In the Michigan Legislature’s lame duck session, the Republicans’ bold, unprecedented moves to circumvent the ballot proposal process serve as a reaction to surprising voting trends that favor citizen initiatives for liberal causes.

A nationwide drift has emerged that shows progressive ballot proposals, even in Red States, are often popular with Republicans, including those in staunchly conservative rural areas.

The three proposals on Michigan’s November ballot – legalizing marijuana, reforming the redistricting process, and making the voting process more accessible – each received widespread support just two years after President Trump’s unlikely win here.

The most contentious, partisan ballot issue during the fall campaign, the Proposal 2 effort to end gerrymandering, received support on Election Day by most voters in northern Michigan counties, an area which is considered solid Trump country. According to an analysis by Bridge Magazine, 65 of Michigan’s 83 counties backed Proposal 2, including 48 that had voted both for Republican Bill Schuette for governor on the 2018 ballot and for President Trump in 2016.

The writing may be on the wall, but GOP lawmakers want to rewrite the rules for getting proposals passed.

In lame duck, the GOP has attempted to alter Proposals 1, 2 and 3 by watering them down with so-called implementation legislation. The Republicans also gutted two popular petition drives — those seeking minimum wage increases and paid sick leave for workers — by detouring those initiatives to the state Capitol rather than the November ballot.

Brooks Patterson gives GOP a lecture

And now they are ready to gut the petition process by making it much harder for grassroots campaigns to collect enough signatures to win a spot on the ballot. The bill, which received final approval in the Senate this morning and is headed to Gov. Snyder’s desk, contains an unusual geographic requirement. The measure says that no more than 15 percent of a petition drive’s signatures can come from any congressional district. That would limit the amount of signatures collected in southeast Michigan, particularly in heavily Democratic areas such as Detroit, suburban Wayne County and parts of Oakland County.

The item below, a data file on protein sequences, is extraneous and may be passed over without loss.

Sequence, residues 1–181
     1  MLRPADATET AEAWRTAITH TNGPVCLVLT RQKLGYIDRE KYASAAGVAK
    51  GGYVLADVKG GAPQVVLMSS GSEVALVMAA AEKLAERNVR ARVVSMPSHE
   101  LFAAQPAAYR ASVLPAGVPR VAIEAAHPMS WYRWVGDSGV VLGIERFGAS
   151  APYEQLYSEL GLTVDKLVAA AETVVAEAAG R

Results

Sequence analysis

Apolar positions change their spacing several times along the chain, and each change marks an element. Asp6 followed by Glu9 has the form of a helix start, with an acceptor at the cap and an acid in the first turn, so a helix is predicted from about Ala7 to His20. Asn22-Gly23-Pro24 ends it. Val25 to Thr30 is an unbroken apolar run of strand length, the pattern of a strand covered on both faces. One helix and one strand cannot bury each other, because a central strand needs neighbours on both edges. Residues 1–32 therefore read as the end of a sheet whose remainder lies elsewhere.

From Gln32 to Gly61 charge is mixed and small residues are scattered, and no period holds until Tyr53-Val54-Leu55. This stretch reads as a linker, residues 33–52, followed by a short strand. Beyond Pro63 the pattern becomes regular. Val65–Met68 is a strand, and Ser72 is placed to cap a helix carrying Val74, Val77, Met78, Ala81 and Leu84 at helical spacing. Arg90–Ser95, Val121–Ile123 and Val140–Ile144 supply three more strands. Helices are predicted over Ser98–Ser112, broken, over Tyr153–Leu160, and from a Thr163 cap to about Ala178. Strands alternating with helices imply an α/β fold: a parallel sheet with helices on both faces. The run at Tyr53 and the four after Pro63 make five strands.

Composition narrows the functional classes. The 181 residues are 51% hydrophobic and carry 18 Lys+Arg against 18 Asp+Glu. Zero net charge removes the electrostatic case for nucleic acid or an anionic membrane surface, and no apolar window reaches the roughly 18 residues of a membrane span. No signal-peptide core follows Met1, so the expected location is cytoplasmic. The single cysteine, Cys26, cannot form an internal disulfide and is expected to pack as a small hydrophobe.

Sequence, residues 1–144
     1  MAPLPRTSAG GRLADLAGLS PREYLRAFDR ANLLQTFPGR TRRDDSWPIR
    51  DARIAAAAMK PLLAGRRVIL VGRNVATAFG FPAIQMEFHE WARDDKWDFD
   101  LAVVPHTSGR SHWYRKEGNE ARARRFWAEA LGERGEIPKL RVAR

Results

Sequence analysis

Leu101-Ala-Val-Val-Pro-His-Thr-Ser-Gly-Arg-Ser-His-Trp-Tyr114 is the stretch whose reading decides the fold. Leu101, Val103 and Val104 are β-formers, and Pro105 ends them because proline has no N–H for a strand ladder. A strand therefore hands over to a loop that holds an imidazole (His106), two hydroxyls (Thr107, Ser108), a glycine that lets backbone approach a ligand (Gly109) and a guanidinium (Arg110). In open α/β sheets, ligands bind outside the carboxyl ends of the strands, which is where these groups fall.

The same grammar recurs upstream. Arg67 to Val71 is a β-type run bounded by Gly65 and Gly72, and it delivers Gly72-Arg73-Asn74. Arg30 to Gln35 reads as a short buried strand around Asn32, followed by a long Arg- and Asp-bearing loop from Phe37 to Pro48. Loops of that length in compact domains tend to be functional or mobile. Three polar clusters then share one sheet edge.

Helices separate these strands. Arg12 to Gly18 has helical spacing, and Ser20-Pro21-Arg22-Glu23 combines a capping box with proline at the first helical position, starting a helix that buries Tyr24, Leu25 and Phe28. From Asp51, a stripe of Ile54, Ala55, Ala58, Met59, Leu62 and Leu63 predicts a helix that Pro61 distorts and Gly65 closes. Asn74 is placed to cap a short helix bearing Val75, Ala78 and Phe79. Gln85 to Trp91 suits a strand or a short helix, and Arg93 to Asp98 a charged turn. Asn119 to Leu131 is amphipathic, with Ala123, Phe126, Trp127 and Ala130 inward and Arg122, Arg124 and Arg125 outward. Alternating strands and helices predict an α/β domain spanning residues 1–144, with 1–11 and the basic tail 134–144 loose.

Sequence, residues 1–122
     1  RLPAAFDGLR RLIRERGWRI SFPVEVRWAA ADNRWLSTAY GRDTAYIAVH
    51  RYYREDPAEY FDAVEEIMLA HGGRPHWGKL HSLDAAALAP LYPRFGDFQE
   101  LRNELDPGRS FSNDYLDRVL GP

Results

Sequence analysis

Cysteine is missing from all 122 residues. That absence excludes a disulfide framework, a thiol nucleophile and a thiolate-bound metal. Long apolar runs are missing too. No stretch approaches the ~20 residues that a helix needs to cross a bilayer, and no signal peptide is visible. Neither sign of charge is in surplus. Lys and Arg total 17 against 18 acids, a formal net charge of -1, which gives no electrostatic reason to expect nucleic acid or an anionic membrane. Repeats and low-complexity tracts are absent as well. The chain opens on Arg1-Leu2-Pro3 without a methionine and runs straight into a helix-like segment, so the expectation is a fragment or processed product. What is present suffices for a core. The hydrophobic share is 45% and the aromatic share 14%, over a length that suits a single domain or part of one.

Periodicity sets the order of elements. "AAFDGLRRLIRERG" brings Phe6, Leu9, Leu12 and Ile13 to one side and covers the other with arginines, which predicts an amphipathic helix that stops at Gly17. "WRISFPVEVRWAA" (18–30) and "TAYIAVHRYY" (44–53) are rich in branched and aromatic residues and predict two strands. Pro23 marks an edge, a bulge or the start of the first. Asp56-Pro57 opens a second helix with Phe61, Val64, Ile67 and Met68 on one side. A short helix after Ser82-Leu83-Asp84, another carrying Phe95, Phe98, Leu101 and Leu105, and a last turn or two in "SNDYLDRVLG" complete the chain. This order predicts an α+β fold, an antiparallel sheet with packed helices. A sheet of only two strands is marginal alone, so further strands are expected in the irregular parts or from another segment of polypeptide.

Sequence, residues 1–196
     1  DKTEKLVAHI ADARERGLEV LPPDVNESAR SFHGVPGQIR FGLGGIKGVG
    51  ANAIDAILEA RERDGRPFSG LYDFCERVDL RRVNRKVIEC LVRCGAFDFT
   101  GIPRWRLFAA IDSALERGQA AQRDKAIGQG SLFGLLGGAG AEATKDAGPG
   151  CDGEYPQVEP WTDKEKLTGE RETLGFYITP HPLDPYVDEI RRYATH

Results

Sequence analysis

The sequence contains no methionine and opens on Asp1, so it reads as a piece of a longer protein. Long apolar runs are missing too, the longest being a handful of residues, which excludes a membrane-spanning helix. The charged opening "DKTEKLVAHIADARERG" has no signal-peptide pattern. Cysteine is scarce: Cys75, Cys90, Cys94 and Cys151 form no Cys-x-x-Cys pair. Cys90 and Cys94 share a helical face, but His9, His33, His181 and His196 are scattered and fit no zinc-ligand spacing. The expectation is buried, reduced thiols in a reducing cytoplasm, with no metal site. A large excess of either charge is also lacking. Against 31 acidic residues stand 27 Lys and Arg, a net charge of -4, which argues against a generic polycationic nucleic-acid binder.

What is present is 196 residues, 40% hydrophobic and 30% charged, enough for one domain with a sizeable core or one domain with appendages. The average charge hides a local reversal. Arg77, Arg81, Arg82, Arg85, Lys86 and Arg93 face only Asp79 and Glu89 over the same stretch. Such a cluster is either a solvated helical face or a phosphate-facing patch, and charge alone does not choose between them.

On Wednesday, a rather iconic figure among Michigan Republicans, longtime Oakland County Executive L. Brooks Patterson, warned that the restrictions sought by GOP lawmakers would make successful petition drives “almost impossible.”

Throughout the U.S., November election results show that the political landscape — on issues, not candidates — is changing.

In increasingly Red State Missouri, even as the Republican candidate for U.S. Senate easily defeated the Democratic incumbent, voters supported an increase in the minimum wage, medical marijuana, a broad measure to restrict lobbying, new limits on campaign finance, and moving the overriding authority for redistricting away from legislators.

Not only did those measures pass statewide, but they won majorities in the state’s rural counties, where Republican candidates mostly scored landslide wins.

In Florida, a proposal that restored voting rights for ex-felons carried the state’s rural counties on its way to statewide passage. Medicaid expansion initiatives were approved in the conservative, rural states of Idaho, Nebraska and Utah.

The difference: Ballot proposals don’t carry a party label

Political analysts say that in the current hyper-partisan, tribal atmosphere, where voters are swayed mostly based on a candidate’s party identification, the fact that ballot proposals do not carry a partisan label could explain rural voters’ acceptance of rather liberal proposals.

In a year when most state ballot proposals across the country passed, the 2018 season for citizen initiatives featured numerous progressive propositions related to voting rights, election reforms and renewable energy.

Obviously, the GOP-controlled Michigan Legislature took note of all these revelations.

Consider this: A decade or two ago, the idea of voters making Michigan the first Midwest state to legalize marijuana likely would have produced an incredulous response from many that goes something like this: “Are you on drugs?”

The growing acceptance of marijuana liberalization laws — in favor of medicinal or recreational use — are at the forefront of this national ballot trend, echoing the astoundingly rapid changes in public views on gay rights that emerged over the past dozen years.

The enthusiasm gap that perceptibly favored Democratic candidates for Congress and state offices in November apparently has spread to state ballot propositions, as liberals work overtime to get these initiatives passed while conservative opposition groups often mount somewhat feeble campaigns. That was the case in the wins for Proposal 1, 2 and 3 in Michigan.

In 2020 and beyond, this lean toward progressive proposals could continue. If, that is, some future ballot proposals directly attack the lame duck process that seems to have spun out of control in 2018 – in Michigan and elsewhere.


This post was updated at 10:59 a.m. on Dec. 21.